The Green Knight


Reviewed by: Jennie Kermode

The Green Knight
"Any number of the film’s frames belong in frames, fit to adorn palace walls."

Everyone likes to imagine that they are the author of their own story. A great story might confer a kind of immortality, sustained through generations, as the tale of Sir Gawain And The Green Knight has been told and retold for over seven hundred years. But to live, one must change; and just like people, stories take on different forms. David Lowery’s astonishing cinematic vision is both the finest piece of Arthurian work since Excalibur and a reworking which could not be more pertinent today.

Gawain (Dev Patel) is the privileged young nephew of the king, a man widely believed to be destined for greatness, yet he feels himself poor in the absence of any story of his own. In a court full of legendary men, he is a nobody, a mere slip of a thing first seen stumbling round a brothel looking for lost boots. He’s careless, unreliable, inconsiderate, self-centred and yet somehow quite adorable - as Nicol Williams’ Merlin said, “It’s easy to love folly in a child.” But something is about to happen which will test not only Gawain himself but the whole Arthurian mission.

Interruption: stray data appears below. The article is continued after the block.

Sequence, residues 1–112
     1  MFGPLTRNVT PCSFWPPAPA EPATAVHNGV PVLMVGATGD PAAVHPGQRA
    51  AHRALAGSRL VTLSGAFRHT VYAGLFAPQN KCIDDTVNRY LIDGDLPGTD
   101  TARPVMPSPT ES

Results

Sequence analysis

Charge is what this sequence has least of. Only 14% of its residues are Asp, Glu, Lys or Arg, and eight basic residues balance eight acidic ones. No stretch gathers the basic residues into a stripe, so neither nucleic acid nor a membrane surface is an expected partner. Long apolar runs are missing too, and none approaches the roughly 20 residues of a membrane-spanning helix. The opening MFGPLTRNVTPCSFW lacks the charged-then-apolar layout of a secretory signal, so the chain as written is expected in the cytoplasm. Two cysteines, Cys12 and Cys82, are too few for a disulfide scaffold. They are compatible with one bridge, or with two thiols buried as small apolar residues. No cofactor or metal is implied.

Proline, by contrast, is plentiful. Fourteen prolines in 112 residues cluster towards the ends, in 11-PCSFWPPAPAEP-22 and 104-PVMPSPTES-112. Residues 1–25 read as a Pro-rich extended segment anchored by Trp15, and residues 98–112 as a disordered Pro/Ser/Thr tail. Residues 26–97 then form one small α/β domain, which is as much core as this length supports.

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As most viewers will be aware, it begins with a game. At Christmastime (a magical time to the 14th Century mind, and one around which Christian and Pagan traditions were in lively competition) a Green Knight comes to Camelot. His name has often been ascribed to a mistranslation but Lowery takes his greenness seriously, decking him out in a way which recalls any number of powerful forest spirits in British myths and reminds us of his possible faerie origins. Like an emissary from Tir-na-Nog playfully acknowledging the season, he suggests a game: any one of Arthur’s knights may strike a blow against him provided that they agree, one year hence, to travel to his green chapel and receive the same blow in return. Eager for attention and thinking he’s found a way to beat the system, young Gawain steps forward and chops off his head. The court falls silent. The Green Knight picks up his head, reminds Gawain of his vow, and leaves.

For a year, Gawain lives his dream. Important men talk about him. Women like him even more than they did before. He never has to buy his own drinks. But all too soon, winter comes, and with it a question. Will Gawain honour his vow? Just as he has drifted through life so far, he somehow drifts onto a horse, out through the gates and onto the road, everybody else seeming to carry his thoughts and emotions for him. He wears a rich velvet cloak the colour of the gorse along the roadside. At his waist is a green girdle, magical protection against harm – a gift from his mum. Of course, he’s quite capable of getting into scrapes whether protected or not.